Beginning with the rumble of Clarke’s drums and Hillman’s bass, McGuinn’s guitar then runs through the mix with a shredding moment of genius.
Then the song really takes off. The band’s classic lineup is tied to their iconic vocal harmonies, and that makes your back shiver. Soothing but slightly sinister, it gives temperament to the rest of the song. Sounds like you are literally going into psychedelics. The song represents the band’s classic formation at their peak and is such an earworm you’re sure to repeat it.
“My back pages” – Younger than yesterday (1967)
Originally a song by Bob Dylan from his 1964 album, Another side of Bob Dylan, the band did what they were so good at again. They gave Dylan’s song a makeover. A fresh and complete version of Dylan’s protest songs, it doesn’t disappoint. The band’s vocal harmonies on the central vocal chorus of the song “Ah, but I was so much older then / I’m younger than that now” really gets the message across.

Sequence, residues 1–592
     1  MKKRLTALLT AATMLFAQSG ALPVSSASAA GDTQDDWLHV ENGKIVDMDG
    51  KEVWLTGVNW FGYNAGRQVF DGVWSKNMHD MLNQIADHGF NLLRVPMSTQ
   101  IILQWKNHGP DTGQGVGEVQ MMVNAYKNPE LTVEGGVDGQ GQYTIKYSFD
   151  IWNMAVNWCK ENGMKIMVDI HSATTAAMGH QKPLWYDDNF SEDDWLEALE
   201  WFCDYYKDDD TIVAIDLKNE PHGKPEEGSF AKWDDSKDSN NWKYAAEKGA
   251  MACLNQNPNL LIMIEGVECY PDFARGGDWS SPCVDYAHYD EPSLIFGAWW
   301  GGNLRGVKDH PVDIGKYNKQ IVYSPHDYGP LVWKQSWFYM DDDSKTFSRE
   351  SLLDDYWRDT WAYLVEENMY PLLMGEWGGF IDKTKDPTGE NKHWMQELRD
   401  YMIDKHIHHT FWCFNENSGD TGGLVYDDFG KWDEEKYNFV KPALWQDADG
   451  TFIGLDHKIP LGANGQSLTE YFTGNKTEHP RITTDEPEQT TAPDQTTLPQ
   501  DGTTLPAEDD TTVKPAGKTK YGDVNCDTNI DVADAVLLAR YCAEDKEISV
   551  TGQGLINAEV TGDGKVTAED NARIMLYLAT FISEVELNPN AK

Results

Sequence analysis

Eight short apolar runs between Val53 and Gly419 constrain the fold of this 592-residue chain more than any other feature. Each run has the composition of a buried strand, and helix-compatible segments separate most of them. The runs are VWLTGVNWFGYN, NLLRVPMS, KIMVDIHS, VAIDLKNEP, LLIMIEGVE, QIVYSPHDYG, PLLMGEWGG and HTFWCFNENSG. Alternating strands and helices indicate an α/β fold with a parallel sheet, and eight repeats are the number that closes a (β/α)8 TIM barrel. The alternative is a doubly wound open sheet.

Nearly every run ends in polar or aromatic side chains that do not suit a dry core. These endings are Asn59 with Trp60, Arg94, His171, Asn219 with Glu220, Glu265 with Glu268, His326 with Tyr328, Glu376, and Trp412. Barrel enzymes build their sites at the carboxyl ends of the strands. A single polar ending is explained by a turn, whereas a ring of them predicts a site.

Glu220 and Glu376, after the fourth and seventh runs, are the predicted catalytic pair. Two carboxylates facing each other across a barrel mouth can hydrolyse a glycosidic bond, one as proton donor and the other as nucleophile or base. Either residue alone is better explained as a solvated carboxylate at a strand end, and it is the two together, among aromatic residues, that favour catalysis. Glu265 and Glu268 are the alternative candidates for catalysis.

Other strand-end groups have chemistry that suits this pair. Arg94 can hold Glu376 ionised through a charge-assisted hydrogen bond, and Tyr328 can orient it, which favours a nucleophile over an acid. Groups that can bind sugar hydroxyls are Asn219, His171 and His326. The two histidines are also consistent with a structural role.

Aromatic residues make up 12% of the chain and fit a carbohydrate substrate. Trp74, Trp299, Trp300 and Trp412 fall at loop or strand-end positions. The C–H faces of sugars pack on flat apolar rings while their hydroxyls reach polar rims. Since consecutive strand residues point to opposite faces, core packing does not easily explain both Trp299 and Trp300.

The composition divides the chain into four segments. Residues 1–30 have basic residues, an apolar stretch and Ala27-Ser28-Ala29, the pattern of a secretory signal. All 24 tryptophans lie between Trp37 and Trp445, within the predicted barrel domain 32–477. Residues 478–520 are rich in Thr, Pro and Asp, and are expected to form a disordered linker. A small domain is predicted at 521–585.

Concerned with growing old and how we are often disappointed with things that were so dear to us as teenagers, The Byrds really brings Dylan’s acoustic original to life. A calming but introspective number, it’s nothing short of a classic.
“So you wanna be a rock’n’roll star” – Younger than yesterday (1967)
Written by McGuinn and Hillman for the band’s fourth album in 1967, Younger than yesterday, ‘So You Want To Be A Rock’ n ‘Roll Star’ sees the band at one of their most ingenious moments. Lyrically mocking the fabricated rock of the era, Hillman and McGuinn’s work is deeply ironic.
The music is also refreshing. Hillman provides one of their most unstoppable basslines, and more importantly, it was the first time the band incorporated brass into their sound. With a trumpet line from none other than South African jazz hero Hugh Masekela, this upbeat number gets you moving instantly.